Recess Rehash: How to ADHD in Med School

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Jessica McCabe and Kelsey Adler pose in the SCP studio

[Happy Holidays!  Dave is on vacation, but here’s a re-run to tide you over.  We’ll be back with new episodes starting 1/16] 

We on The Short Coat Podcast like to encourage people to follow their med school dreams in spite of whatever apparent obstacles stand in the way.  So when we found out that Jessica McCabe, host of the popular YouTube channel How to ADHD, was coming to the University of Iowa, we were excited to get her on the show.  And with co-hosts Irene Morcuende and Kelsey Adler–both successful medical students and ADHD brains–on hand along with CCOM learning specialist Chia-Wen Moon to prove that this obstacle can be just another bump in the road.  You may be surprised to hear how those with ADHD brains–and the groups they work in–can actually benefit from their atypical thought processes.

But what kinds of effects does ADHD have in med school?  What techniques have worked for Kelsey, Jessica, and Irene?  How do relationships suffer and flourish when one of you has ADHD?  What does a learning specialist do?  And how can medical schools support its students who need help?  All questions we discuss for you, Short Coats!


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You care about others, or you wouldn’t be into this medicine thing. Our #merchforgood program lets you to give to our charity of the semester and get something for yourself at the same time!

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Do you have ADHD?  What about a learning disability?  What are you struggling with, and who or what has helped you? Call us at 347-SHORTCT anytime, or email theshortcoats@gmail.com.   Continue reading Recess Rehash: How to ADHD in Med School

Happy Holidays!

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Photo by Lisa Zins

This episode comes out the day after Christmas, and is recorded the week before, so we’re exploring what some describe as “the most wonderful time of the year,” and what others describe as Thursday.  Given that recording date, in a bit of time travel Hillary O’Brien, Laura Quast, Jenna Johnson, and LJ Agostinelli share what they want to will have gotten (because time travel is confusing for grammarians) for Christmas.  LJ shares her recent experience defending her thesis, Kylie Miller stops by with her cat Mowgli, the gang tries Turkish treats, and Dave forces them to take a pop quiz on Christmas according to unreliable internet sources.


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You care about others, or you wouldn’t be into this medicine thing. Our #merchforgood program lets you to give to our charity of the semester and get something for yourself at the same time!

This Week in Medical News

American patients turn to internet black markets to trade, barter, and sell their medicines and medical supplies because that’s how great our system of healthcare is.  And get ready for home epigenetic testing.

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We give free advice!  Call us with your question at 347-SHORTCT,  or email theshortcoats@gmail.com.  We’re here to help!

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Freezing Development to Help Care for the Disabled (ft. Dr. Ryan Gray)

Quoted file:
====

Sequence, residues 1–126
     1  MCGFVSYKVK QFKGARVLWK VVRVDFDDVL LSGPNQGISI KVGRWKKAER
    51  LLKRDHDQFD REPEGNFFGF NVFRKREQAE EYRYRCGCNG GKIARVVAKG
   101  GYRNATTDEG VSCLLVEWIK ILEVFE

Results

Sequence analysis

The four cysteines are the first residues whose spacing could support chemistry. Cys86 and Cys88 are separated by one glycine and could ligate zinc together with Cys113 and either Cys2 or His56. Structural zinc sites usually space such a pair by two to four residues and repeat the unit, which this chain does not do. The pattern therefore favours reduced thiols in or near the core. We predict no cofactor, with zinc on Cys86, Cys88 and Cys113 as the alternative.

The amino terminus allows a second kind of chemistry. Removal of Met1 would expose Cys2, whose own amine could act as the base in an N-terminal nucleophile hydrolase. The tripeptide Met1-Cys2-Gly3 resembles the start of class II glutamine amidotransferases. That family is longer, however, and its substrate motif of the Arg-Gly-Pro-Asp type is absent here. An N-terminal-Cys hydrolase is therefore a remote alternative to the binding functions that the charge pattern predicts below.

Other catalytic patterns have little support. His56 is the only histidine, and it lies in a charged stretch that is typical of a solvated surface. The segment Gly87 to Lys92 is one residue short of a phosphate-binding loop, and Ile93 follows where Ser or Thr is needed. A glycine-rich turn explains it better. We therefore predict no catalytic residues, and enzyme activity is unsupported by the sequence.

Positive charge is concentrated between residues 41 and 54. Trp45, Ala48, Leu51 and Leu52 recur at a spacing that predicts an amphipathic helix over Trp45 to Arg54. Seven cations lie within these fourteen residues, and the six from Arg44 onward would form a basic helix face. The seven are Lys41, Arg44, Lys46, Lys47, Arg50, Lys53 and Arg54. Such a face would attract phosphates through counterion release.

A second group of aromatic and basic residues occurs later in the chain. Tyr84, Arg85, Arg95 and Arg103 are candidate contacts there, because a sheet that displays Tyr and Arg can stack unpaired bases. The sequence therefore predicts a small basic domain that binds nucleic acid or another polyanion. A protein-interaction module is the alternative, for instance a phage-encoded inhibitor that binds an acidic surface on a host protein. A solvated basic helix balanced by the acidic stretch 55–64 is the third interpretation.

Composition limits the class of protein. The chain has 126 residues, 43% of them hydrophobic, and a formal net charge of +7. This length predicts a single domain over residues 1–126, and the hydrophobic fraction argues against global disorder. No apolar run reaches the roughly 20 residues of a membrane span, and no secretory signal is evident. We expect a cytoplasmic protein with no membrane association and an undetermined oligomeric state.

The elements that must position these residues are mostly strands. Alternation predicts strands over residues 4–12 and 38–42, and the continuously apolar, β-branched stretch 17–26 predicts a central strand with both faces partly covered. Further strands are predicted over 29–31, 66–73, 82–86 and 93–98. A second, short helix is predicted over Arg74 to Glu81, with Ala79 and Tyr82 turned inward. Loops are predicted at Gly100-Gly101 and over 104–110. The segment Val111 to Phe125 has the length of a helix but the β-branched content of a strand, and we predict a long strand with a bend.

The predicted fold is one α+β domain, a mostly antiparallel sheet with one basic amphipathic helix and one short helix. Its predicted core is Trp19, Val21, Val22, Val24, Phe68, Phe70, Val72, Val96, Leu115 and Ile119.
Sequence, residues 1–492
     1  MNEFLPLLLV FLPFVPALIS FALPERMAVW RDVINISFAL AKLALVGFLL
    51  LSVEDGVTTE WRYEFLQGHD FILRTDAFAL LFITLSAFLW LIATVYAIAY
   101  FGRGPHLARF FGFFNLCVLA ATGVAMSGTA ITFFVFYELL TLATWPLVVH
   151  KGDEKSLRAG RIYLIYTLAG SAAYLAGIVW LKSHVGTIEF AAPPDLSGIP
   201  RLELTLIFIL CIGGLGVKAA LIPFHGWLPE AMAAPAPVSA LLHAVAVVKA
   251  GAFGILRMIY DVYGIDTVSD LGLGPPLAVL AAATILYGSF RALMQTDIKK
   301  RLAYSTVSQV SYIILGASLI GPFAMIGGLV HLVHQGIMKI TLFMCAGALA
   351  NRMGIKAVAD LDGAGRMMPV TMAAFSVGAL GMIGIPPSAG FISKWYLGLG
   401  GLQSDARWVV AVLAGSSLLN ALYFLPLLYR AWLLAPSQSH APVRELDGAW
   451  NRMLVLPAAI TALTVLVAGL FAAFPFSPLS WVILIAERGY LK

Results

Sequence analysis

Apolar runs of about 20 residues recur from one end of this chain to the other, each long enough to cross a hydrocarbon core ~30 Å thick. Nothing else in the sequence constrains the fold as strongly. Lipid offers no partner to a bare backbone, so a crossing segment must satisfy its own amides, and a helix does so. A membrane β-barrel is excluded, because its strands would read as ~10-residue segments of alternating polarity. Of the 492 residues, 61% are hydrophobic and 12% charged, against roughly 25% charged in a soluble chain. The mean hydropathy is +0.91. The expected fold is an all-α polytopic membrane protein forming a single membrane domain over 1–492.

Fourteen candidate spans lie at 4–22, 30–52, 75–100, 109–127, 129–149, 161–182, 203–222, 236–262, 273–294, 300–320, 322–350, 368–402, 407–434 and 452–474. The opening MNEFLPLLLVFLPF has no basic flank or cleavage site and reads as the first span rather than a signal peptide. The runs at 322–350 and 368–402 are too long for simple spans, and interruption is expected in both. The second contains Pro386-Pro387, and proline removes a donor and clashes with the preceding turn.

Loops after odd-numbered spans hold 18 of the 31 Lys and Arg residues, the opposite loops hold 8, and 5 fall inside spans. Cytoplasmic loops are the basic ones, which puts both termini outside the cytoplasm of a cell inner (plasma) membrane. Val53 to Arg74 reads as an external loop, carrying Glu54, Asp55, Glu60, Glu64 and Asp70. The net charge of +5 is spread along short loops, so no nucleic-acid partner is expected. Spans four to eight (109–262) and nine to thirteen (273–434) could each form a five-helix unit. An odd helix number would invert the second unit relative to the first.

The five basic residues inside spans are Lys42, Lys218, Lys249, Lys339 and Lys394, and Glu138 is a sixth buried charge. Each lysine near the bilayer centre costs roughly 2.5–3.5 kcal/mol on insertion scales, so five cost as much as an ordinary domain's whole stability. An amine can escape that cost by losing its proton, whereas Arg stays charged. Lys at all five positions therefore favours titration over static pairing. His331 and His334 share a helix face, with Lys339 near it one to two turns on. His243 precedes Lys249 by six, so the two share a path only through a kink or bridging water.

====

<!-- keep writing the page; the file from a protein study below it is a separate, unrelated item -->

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The amazing Dr. Ryan Gray, host of quite a few of the pre-med focused podcasts over at mededmedia.com (of which we, of course, are a member), joins Maddie Mix, Hillary O’Brien, Nick Lind, and Kyle Kinder as guest co-host!   Which is good, because we start with a rather difficult topic: should the parents of a profoundly disabled child–who will never be able to care for herself in even the most basic of ways–be allowed to ‘freeze’ her development so that she remains physically six years old if it will enable them care for her at home?

Plus, with the news from our own University of Iowa that surgeons often prepare for surgery by watching YouTube, Dave subjects Dr. Gray and his co-hosts to a YouTube-based health topics pop quiz.


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You care about others, or you wouldn’t be into this medicine thing. Our #merchforgood program lets you to give to our charity of the semester and get something for yourself at the same time!

This Week in Medical News

The decline of rural emergency rooms has gone so far as to create a new kind of telemedicine.  Crazymothers (no, that’s not a slur, that’s what they call themselves) want us to stop calling them anti-vaxxers.  And month-long birth control may become achievable if you can swallow a six-pointed star about 2 inches in diameter.

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So, what’s up with you? Tell (or ask) us anything at 347-SHORTCT anytime, visit our Facebook group, or email theshortcoats@gmail.com.

Continue reading Freezing Development to Help Care for the Disabled (ft. Dr. Ryan Gray)

Turkey, Telomerase, and Time-Turning Trauma Treatment

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Happy Thanksgiving, bishes!

turkey photo
Uh, uh, nope, I’m out. Photo by chumlee10

FYI, there’s new merch for charity (stickers!) at at theshortcoat.com/store! Also, It’s Thanksgiving Day in the United States of America, and as we ‘muricans collapse on our sofas replete with turkey with all the trimmings, let us give thanks that M1s Nathen Spitz and Morgan Kennedy, and MD/PhD student Aline Sandouk are here to discuss auto brewery syndrome (or how to be a guilt-free Thanksgiving Day day-drinker if you want your life ruined for years by a real zebra of an illness).